Though Abe Schamis is 94 years old, all of his World War II memories are still vivid, like the colors on the 1940's post cards he keeps as new.
“It’s exactly what I remember growing up,” said his son, Jeffrey.
Schamis was drafted in 1941, and became a navigator in the Air Corps.
He went through ten missions without a problem. It was on his 11th that an engine on his B-17 was hit in Italy.
“As we were coming back, two more engines gave out in sympathy,” Schamis said.
Schamis bailed out of the falling plane and landed in a tree. The fall permanently hurt his right hand.
As a Jewish American, once he was found, he was sent to a prison camp. It’s where he would spend the next six months.
“When I was released, I wore a 28 waist,” Schamis said. “I think I was born with a 28 waist!”
Sixty-seven years after his release, Schamis still had one wish. He’d like to see the National World War II Museum in New Orleans. The Freedom Pavilion features the same planes he used to fly in the war.
“The B-17, to me, is the best plane ever built,” Schamis said.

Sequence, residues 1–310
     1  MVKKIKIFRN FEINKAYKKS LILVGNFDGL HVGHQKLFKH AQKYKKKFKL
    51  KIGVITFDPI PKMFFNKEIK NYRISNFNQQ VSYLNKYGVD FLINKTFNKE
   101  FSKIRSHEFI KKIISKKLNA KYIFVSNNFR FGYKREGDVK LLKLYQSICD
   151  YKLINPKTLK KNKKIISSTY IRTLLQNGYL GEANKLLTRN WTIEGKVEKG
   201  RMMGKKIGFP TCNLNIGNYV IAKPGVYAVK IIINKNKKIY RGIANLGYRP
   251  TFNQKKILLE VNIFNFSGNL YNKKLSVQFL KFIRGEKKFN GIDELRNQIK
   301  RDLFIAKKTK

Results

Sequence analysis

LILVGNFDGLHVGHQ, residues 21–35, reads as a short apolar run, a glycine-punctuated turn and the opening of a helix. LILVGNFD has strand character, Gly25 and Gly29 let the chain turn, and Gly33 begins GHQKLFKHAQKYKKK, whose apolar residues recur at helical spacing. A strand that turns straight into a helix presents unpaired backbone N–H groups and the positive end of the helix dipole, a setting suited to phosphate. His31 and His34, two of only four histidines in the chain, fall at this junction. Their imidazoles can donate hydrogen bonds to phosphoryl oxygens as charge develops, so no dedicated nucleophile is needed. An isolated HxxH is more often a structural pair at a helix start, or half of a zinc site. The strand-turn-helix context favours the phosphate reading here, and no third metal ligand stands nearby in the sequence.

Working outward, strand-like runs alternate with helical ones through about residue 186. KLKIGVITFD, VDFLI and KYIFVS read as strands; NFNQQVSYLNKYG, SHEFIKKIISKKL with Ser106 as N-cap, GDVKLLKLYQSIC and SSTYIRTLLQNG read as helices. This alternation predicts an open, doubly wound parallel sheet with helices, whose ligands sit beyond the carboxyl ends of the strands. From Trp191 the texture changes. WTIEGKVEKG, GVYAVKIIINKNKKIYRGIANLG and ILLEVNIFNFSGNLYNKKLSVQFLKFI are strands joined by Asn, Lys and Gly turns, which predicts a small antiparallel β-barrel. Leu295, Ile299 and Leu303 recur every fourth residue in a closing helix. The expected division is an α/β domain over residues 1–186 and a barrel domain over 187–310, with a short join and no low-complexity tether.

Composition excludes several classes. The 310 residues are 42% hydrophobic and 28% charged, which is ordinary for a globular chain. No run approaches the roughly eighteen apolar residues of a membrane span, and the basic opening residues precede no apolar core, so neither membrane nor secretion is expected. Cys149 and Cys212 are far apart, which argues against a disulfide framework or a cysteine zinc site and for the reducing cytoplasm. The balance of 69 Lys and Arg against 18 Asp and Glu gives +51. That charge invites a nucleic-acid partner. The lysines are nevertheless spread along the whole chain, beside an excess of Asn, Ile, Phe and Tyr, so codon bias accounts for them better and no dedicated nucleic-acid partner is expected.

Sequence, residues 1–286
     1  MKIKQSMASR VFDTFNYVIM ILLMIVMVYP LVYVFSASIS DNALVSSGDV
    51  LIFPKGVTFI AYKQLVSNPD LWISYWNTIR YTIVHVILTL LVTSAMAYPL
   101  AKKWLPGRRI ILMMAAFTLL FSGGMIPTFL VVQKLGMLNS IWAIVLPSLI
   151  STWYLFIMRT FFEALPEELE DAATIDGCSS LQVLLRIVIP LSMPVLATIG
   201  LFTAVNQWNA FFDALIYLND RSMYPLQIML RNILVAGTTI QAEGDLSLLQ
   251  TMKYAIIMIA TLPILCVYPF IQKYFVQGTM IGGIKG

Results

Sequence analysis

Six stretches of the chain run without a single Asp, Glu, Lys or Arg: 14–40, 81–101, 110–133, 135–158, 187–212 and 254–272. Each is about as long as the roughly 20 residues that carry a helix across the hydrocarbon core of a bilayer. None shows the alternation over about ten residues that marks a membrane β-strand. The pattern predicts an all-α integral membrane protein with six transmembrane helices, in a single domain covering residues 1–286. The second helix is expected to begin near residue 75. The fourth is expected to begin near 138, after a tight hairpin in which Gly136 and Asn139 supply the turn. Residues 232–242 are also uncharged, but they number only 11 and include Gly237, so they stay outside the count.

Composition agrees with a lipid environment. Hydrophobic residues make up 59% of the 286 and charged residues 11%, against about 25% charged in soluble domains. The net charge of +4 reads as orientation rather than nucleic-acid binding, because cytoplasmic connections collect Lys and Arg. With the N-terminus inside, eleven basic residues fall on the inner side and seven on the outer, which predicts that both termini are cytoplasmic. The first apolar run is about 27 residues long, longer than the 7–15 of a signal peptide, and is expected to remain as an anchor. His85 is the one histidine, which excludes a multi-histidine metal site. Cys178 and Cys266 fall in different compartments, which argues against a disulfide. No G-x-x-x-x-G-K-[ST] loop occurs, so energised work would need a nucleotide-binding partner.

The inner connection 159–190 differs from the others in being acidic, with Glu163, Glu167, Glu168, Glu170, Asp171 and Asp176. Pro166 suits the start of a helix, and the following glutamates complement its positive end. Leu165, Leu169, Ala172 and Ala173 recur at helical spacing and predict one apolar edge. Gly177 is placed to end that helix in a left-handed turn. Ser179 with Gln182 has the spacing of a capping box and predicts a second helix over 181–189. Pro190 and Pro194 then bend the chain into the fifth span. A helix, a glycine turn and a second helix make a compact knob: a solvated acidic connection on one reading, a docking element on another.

That's where "Wish of a Lifetime" comes in. This foundation started by Olympian Jeremy Bloom grants life-long wishes to exceptional seniors.
The paperwork was sent in September and by December, the Schamis family received a holiday surprise.
“We're just so grateful that he’s able, at 94, to do these types of experiences,” Jeffrey Schamis said.
“I'm going to enjoy seeing it through his eyes,” he added.
Despite all he had to endure, Schamis stops short of calling himself a hero.
“I'm not a hero,” Schamis said. “I just followed instructions and that's all.”
He and his son will leave to New Orleans on February 16th.
Schamis will be at the Boca Raton Airport on February 1st, when the B-17’s and B-24’s are on display. He’ll be talking about the planes and sharing his experiences.